I've been writing since the sixth grade. I set up my mom's manual typewriter on an old school desk that my dad salvaged from his country schoolhouse. I used to spend summer nights in the nice, cool basement, listening to the radio, and typing away on my stories. I look back on those days with absolute fondness that has nothing to do with rose-colored glasses. It was a good time. It was a marvelous, creative, inspiring time. I conjured characters and insane plots and typed them all, meticulously recording how many pages I'd written on a lined sheet of paper I stuck to the concrete walls with a piece of black electrical tape.
I still have that piece of paper.
But as I have grown older and wiser in this writing gig, I realize that those heady first days of writing were not the norm. The norm also wasn't those dark days of despair when I sat and stared at the keyboard and not one single good idea emerged.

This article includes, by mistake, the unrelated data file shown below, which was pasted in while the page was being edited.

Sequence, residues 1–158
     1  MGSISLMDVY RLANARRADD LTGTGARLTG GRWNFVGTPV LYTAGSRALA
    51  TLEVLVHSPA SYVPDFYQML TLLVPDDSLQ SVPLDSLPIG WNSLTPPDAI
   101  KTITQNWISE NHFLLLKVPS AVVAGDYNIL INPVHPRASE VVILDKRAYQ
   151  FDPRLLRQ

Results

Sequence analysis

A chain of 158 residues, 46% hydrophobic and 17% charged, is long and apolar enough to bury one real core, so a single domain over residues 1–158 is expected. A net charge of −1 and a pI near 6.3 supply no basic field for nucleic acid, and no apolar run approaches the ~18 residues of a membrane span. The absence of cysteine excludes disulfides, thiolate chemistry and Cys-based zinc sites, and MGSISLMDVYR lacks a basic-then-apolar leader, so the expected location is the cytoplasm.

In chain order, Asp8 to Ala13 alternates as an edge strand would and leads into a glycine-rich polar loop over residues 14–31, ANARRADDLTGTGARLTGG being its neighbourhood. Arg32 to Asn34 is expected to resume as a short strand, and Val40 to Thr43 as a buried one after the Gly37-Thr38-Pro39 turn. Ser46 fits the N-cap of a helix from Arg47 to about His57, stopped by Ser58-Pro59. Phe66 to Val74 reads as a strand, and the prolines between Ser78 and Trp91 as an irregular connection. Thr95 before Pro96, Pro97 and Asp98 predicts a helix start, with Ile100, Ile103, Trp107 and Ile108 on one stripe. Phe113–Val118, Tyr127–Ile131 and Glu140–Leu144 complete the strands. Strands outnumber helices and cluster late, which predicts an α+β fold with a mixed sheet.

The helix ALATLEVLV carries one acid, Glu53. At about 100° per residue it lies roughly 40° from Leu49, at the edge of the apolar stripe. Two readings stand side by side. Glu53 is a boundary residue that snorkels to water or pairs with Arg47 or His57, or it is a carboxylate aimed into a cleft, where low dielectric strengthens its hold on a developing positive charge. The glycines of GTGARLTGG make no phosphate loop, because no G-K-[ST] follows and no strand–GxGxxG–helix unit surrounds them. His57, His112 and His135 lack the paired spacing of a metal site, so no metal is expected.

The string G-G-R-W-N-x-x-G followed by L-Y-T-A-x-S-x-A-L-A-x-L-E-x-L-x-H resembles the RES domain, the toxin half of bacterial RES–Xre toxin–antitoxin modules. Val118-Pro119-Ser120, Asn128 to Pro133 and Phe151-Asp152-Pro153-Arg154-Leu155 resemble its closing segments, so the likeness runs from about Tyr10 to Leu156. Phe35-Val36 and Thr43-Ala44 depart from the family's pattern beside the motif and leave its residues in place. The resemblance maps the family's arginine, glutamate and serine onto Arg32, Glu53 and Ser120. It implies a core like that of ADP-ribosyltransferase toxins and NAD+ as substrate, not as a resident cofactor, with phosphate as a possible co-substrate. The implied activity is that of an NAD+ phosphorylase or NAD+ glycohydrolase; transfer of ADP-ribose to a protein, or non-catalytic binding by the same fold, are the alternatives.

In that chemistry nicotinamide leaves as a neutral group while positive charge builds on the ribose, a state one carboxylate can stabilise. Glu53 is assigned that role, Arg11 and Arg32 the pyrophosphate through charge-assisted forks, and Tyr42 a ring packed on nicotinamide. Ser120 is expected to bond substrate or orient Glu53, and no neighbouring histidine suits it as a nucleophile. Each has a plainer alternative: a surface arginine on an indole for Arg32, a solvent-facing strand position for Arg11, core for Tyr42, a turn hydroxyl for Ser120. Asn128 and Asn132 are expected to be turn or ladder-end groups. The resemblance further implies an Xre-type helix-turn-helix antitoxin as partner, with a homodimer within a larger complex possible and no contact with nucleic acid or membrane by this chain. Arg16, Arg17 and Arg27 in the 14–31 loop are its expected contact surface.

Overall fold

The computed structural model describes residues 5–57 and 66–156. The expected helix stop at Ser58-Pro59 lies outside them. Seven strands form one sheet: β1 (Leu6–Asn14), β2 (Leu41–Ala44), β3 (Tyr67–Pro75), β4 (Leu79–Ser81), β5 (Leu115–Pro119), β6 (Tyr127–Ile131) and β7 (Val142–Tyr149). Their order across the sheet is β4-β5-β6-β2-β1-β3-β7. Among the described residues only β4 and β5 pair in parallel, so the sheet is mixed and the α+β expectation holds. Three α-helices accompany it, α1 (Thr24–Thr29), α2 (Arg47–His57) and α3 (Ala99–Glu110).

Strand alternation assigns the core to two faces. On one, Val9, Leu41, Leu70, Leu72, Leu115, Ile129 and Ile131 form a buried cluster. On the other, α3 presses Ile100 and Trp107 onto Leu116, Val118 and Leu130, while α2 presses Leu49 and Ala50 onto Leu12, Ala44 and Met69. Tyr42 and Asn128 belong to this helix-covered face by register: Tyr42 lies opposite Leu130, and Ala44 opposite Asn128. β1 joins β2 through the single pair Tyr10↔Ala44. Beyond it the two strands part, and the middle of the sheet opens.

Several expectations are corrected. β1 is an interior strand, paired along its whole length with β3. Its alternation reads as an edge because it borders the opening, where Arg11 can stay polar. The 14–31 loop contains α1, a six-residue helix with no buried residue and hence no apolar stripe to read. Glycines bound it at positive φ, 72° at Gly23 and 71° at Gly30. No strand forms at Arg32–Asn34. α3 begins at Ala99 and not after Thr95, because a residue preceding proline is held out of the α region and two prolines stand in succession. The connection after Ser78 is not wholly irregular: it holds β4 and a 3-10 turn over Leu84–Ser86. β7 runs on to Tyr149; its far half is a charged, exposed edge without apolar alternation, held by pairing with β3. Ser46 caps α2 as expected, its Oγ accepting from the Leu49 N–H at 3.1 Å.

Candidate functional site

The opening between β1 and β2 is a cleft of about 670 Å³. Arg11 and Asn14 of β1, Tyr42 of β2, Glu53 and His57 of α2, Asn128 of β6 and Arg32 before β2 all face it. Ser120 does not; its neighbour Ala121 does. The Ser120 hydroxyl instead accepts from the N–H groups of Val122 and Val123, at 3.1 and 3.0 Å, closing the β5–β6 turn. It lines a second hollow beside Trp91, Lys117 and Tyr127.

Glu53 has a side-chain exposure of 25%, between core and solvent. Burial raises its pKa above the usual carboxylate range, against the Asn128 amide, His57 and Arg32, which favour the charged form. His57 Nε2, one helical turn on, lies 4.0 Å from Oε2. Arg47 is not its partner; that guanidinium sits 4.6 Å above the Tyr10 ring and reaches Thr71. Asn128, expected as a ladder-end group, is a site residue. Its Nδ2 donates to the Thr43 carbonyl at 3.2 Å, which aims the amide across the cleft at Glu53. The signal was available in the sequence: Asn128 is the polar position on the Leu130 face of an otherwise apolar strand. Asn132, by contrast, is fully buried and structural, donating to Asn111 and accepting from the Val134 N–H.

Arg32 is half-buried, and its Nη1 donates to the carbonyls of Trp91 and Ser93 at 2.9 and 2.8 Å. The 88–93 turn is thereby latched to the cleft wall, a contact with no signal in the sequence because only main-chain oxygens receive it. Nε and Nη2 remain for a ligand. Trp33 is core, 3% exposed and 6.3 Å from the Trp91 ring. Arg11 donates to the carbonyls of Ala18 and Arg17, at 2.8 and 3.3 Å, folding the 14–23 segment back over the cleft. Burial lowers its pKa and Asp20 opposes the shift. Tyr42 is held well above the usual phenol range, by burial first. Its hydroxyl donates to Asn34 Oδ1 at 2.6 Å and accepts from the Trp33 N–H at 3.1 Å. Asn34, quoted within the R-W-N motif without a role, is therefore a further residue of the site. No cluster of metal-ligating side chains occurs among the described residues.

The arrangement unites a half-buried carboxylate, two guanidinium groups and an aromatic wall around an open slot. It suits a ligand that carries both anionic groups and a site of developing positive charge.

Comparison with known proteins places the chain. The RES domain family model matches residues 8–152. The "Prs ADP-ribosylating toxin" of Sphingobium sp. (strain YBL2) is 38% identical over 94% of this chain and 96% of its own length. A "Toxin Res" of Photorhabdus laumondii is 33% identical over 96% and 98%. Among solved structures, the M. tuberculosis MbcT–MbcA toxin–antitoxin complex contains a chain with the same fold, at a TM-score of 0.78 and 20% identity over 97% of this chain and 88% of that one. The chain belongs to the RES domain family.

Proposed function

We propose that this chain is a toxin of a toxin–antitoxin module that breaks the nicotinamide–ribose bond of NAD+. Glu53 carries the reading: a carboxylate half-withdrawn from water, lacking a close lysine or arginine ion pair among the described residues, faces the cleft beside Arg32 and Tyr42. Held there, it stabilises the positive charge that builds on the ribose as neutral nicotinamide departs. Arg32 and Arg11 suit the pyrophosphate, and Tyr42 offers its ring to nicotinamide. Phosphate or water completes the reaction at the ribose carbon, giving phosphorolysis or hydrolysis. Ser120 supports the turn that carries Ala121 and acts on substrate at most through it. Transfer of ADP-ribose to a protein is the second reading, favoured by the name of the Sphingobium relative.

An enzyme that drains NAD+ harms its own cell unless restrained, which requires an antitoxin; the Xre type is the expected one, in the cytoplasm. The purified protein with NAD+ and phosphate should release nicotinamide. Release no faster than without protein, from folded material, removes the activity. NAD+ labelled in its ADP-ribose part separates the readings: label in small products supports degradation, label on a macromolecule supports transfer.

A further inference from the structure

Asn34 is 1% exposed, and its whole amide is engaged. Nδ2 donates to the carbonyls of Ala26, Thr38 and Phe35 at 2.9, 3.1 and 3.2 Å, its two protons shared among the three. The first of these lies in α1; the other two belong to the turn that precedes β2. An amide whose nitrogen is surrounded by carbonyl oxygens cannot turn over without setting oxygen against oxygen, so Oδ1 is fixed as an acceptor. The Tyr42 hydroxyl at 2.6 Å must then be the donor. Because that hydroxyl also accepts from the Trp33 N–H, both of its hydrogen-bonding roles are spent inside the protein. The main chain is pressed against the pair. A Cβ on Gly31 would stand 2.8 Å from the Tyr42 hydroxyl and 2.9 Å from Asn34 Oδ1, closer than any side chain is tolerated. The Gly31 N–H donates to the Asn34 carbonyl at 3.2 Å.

So what is the norm?
There are heady days full of joy and wonder. There are dark days full of angst and hand-wringing.
Both are intrinsic to the writing life. It's something I'm coming to accept more and more. When I get into a slump, I try not to panic because I know this is part of the cycle. The good part of the cycle will come back around again - I just have to survive long enough for it to show up.
Would it be nice if every single day was a gift from the writing gods, where they sprinkled amazing ideas, beautiful phrases, and witty dialogue into your brain? Sure. But then, would we really recognize the magic of writing if it was magical each and every day? Wouldn't it start to get, well...stale? Boring? Wouldn't magic become just...ordinary?
This is why we need both the good and the bad writing days - to help us keep our perspective, to help us experience all that the writing life has to offer. How else can we translate that experience onto the page? Answer: we can't.
So accept those down days, those days when the writing is hard and you want to chuck your keyboard through the nearest window. Be grateful for them because they show you just how good this writing gig can be.
Embrace them. Learn from them. Use them.
This post is part of the Wednesday postings for the Insecure Writers' Support Group.